January 15, 2019

Home from home

img_20181228_100504Where do you think the above snap was taken? Don’t look too hard as otherwise you will spoil the fun!

I’m hoping that you zoned in on the all-too recognisable Heinz tomato ketchup and thought the photo was perhaps taken in my local supermarket. Well, not quite. I took this picture in my Xmas holidays spent in the coastal area close to Malaga on the Costa del Sol. It is the heartland for ex-pat Brits and it was all too easy to find those little creature comforts of familiar foods readily available in the Mercadona next to the villa we were renting.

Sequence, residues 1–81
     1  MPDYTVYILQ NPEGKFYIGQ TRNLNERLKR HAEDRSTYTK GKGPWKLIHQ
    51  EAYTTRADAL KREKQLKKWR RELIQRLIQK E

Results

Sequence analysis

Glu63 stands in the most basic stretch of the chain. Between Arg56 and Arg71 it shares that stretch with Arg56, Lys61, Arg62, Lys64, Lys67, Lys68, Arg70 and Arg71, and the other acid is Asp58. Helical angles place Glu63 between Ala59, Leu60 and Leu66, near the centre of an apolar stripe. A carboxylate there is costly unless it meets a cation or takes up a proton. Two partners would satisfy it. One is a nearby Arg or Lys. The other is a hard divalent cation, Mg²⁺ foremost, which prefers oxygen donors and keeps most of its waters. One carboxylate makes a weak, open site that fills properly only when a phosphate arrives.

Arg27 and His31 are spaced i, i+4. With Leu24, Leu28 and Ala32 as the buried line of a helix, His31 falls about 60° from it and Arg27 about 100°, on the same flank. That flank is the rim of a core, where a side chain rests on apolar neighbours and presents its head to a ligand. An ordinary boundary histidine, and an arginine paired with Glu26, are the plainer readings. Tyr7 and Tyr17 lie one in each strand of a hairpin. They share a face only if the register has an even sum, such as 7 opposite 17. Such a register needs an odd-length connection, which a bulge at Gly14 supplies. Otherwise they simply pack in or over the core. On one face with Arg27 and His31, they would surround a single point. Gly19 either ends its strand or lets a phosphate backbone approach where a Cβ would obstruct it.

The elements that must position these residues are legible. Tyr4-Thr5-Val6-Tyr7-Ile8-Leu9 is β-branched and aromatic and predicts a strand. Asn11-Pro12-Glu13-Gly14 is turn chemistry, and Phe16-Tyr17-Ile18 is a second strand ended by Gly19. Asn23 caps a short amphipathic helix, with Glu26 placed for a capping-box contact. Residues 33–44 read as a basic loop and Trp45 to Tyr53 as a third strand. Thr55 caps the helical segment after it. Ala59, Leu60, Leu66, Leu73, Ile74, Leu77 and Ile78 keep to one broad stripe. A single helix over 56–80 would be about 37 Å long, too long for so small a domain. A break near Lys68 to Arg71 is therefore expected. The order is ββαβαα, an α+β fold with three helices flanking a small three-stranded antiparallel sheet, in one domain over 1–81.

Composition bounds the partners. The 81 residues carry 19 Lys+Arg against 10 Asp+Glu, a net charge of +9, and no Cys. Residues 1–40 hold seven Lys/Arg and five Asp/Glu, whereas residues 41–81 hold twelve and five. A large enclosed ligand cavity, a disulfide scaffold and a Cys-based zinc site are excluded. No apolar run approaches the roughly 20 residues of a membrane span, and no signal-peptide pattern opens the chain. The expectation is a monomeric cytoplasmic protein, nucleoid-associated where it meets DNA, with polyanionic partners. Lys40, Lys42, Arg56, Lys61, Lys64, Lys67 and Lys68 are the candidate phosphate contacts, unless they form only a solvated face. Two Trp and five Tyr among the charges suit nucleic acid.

With all the chaos created by Brexit (at the time of writing, it is all very much up in the air), the number of Brits living in Spain has actually dropped. According to Spain’s National Statistics Institute (INE), in the last five years, the number of British residents in Spain has dropped from 397,892 to 240,785 – a fall of 157,107. However, for someone who has no point of comparison, it felt like British presence was still a feature of the landscape in Cala de Mijas where we stayed.

I had a lot of fun ambling around the supermarkets, trying to spot the items catering to the Brits. Here are some of the treasures I found.

Brussels sprouts – of course! Well, it was Christmas.

img_20181228_100414And fancy a curry – albeit with salmon – but I guess fish is pretty hard to avoid in coastal Spain.


Can you spot the bacon in the centre of the bottom shelf?